So where was the magic number at that time? Apparently 6.4% for a 30-year fixed rate mortgage, at bubble 1 housing prices, was above the magic number.
Mortgage applications decline.
Rising mortgage rates mean that families are putting refinancing their mortgage loans into trouble. This is happening despite the historic explosion in home prices that brings with it a lot of real estate equity that can be extracted with a cash-drawing reference.
The MBA Mortgage Refinance Applications Index has fallen to its lowest since June 2019 and is 74% off epidemic highs — mortgage rates are just beginning to rise and are still ridiculously low, given that CPI inflation has soared. To 7.5% (data via Investing.com):
The magic number now.
First-time homebuyers, facing high mortgage rates and rising prices, have already pulled out of this ridiculously bloated market by the Federal Reserve, as investors and cash buyers piled into the market.
In January, first-time buyers fell to just 27% of total home purchases, down from 30% in December, and down from 34% in all of 2021, according to the National Association of Realtors.
Going forward, “some middle-income buyers who barely qualified for a mortgage when interest rates were low, now won’t be able to afford a mortgage,” NAR said.
With every increase in home prices, and with every increase in mortgage rates, more layers of potential buyers are wiped off the table. At first no one noticed, but then the layers began to pile up, and at some point, ordinary buyers – like first-time buyers – began to weaken. This is what we see now.
At first, cash buyers and investors may be able to make up the difference. This is what happened during the “Housing Bubble 1” period, which was driven in part by investors, who then became the core of the mortgage crisis when they moved away from many properties at once.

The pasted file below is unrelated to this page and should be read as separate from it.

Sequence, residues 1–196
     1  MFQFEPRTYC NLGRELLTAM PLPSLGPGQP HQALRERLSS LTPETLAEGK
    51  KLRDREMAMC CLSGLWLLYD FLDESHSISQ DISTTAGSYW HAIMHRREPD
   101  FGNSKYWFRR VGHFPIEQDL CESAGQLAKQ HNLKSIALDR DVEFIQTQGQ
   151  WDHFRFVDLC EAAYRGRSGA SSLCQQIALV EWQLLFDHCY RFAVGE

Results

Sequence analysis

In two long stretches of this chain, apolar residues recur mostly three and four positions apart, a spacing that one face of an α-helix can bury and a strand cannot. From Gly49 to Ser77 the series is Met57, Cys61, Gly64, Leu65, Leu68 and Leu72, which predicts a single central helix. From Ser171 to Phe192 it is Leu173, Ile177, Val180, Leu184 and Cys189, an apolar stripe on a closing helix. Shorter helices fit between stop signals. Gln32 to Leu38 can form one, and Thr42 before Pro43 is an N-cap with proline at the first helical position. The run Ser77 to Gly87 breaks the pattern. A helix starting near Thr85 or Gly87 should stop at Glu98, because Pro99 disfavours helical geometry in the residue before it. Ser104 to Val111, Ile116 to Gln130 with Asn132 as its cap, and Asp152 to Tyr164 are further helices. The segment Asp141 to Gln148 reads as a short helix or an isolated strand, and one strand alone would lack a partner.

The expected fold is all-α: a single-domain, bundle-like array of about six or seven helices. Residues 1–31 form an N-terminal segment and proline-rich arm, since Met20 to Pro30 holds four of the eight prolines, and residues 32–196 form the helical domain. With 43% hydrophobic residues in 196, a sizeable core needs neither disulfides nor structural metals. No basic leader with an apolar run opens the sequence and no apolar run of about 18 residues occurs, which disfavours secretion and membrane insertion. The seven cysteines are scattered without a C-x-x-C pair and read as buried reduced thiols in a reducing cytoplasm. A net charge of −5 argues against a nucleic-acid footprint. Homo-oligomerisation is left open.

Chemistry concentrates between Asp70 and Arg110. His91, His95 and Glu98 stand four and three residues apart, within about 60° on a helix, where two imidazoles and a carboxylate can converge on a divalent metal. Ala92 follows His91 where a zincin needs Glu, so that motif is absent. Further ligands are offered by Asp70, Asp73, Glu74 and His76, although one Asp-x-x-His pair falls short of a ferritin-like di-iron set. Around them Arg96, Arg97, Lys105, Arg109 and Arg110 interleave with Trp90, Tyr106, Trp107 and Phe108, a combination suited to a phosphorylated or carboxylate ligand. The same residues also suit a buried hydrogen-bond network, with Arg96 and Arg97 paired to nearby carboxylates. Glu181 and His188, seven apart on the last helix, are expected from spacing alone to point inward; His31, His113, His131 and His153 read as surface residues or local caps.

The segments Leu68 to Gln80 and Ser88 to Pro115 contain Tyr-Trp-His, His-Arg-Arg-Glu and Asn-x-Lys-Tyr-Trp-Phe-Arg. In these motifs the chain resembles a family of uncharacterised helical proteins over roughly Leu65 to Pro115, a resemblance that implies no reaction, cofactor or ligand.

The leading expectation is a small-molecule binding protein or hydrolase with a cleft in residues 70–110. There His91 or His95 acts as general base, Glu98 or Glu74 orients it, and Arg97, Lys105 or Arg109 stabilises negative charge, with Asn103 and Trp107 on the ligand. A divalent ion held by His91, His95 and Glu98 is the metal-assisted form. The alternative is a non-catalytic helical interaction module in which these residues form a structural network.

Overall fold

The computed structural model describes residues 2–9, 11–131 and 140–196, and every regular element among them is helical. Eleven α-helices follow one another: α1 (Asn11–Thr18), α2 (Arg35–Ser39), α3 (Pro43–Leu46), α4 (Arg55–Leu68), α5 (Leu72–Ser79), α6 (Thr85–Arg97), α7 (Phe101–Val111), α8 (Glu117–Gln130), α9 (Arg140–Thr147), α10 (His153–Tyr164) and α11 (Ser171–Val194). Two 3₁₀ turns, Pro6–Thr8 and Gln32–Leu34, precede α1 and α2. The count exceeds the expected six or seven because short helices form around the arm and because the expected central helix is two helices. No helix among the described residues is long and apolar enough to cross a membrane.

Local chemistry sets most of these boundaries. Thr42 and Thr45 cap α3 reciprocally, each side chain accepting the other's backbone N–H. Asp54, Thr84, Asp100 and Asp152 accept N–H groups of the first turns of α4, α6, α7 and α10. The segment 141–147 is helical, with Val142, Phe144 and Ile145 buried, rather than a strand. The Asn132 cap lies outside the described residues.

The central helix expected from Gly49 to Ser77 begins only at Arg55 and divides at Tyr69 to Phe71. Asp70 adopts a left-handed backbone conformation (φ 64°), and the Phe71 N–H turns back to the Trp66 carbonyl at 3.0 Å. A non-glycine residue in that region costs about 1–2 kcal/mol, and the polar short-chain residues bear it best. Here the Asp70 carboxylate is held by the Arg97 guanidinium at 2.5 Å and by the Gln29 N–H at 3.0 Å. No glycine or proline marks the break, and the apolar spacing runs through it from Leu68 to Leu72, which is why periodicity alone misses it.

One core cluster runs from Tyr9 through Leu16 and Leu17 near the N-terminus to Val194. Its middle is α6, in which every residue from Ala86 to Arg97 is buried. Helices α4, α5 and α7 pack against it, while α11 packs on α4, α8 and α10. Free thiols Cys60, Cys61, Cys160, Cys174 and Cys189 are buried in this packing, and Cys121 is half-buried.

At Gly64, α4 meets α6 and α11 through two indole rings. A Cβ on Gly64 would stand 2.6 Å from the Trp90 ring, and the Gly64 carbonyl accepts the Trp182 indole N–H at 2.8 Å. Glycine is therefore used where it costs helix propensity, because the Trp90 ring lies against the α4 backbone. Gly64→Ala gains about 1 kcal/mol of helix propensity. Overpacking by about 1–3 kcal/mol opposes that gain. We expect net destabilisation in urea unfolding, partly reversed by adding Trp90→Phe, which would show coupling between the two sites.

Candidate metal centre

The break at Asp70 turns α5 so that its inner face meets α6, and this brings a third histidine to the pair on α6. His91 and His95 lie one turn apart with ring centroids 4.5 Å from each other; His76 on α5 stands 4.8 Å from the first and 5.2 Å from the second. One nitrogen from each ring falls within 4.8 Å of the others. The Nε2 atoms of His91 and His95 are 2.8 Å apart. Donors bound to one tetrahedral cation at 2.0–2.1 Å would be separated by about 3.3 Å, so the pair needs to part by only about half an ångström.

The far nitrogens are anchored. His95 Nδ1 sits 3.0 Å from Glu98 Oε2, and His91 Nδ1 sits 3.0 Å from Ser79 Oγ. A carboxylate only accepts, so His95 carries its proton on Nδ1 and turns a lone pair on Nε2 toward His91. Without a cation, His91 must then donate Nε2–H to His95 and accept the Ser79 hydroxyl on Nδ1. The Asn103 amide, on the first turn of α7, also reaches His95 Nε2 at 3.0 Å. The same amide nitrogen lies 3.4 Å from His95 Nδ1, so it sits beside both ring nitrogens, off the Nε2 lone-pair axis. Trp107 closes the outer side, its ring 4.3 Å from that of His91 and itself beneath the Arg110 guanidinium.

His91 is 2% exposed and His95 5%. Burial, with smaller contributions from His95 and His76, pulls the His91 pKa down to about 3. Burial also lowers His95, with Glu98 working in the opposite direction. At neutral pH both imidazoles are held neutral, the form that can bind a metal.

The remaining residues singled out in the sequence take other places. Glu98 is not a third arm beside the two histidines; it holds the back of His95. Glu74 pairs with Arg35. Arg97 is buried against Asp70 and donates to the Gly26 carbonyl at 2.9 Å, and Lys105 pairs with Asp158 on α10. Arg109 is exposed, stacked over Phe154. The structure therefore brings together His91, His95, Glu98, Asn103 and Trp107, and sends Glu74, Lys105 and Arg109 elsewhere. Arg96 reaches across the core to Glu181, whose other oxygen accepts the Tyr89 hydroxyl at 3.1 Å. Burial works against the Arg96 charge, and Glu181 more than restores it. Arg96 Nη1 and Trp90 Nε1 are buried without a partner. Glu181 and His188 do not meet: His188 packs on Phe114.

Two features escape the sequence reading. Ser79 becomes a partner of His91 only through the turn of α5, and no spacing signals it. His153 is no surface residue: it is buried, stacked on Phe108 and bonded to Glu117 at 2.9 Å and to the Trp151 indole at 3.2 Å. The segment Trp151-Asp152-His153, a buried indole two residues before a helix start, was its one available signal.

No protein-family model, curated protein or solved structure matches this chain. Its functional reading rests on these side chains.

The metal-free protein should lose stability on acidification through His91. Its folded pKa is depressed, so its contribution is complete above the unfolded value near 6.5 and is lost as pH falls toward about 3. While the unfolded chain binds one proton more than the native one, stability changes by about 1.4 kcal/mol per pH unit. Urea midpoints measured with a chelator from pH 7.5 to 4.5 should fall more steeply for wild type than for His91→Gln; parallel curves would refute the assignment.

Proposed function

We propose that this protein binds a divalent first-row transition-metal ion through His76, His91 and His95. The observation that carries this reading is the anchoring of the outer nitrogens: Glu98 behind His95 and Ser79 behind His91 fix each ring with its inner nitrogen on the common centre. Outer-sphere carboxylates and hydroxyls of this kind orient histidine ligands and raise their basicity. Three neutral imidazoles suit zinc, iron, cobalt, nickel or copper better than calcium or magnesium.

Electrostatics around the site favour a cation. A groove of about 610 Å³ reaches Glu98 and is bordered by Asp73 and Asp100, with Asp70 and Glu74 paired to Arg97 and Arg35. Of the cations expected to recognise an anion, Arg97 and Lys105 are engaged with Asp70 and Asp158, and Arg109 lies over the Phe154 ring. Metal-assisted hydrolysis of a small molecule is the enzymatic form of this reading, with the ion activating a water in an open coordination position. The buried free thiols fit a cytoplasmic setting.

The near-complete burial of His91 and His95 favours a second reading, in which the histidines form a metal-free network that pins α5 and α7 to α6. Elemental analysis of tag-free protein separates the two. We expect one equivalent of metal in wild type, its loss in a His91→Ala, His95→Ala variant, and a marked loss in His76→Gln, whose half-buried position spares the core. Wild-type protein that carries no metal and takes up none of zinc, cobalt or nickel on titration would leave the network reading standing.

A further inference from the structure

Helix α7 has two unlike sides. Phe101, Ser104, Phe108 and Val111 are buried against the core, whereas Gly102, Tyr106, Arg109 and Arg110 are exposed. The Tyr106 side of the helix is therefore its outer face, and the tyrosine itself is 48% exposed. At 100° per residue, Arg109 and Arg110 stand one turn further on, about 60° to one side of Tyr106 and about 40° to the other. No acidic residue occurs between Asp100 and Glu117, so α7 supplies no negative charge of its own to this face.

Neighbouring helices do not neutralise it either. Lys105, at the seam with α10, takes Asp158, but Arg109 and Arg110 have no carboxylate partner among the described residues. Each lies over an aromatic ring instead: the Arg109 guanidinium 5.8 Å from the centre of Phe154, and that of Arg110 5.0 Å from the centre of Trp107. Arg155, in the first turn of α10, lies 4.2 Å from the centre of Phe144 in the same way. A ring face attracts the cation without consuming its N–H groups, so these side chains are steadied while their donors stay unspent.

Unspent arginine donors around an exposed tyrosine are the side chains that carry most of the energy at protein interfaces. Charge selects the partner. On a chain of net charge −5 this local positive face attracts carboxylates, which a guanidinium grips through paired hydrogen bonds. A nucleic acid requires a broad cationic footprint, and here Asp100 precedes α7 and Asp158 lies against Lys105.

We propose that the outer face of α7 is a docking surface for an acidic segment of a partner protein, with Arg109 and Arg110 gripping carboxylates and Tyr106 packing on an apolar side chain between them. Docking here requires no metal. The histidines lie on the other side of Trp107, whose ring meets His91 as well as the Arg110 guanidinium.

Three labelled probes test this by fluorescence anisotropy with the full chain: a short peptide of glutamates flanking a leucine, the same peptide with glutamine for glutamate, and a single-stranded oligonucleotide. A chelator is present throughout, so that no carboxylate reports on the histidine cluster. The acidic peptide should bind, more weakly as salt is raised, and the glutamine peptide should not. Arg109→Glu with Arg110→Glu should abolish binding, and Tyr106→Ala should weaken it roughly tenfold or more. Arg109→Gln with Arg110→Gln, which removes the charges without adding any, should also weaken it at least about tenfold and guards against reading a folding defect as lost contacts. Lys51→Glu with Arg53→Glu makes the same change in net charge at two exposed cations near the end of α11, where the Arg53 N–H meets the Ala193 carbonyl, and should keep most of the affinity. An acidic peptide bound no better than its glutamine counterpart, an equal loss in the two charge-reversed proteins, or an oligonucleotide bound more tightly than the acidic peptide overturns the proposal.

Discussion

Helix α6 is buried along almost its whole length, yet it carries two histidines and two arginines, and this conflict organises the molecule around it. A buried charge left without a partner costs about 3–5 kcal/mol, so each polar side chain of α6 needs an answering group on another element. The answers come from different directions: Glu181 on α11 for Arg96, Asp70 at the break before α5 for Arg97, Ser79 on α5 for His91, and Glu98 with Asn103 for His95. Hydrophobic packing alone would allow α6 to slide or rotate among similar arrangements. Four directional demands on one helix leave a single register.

Individual investors, or second-home buyers, piled into the market, and made up 22% of home purchases in January, up from 17% in December, and up 15% in January last year, according to NAR.
All cash purchases jumped to 27% of home purchases in January, up from 23% in December and from 19% in January 2021, according to a NAR report.
But in January, mortgage rates were still in the 3.5% to 3.7% range, well below the 4% line. Indeed, visible layers of first-time buyers are beginning to exit a market artificially inflated by the Fed’s reckless monetary policies, which are now facing rising but still artificially low mortgage rates.
So the magic number now for the average 30-year fixed-rate mortgage appears to be a little north of 4%, the level at which layers of potential buyers, like first-time buyers, disappear from the market. This is already happening.
For now, as last time, enthusiastic investors are making the difference, but if we learn anything from the disaster 15 years ago, that investor enthusiasm will also wane in these ridiculously inflated markets when interest rates rise in the face of rising home prices. As is the case in America’s most luxurious housing bubbles: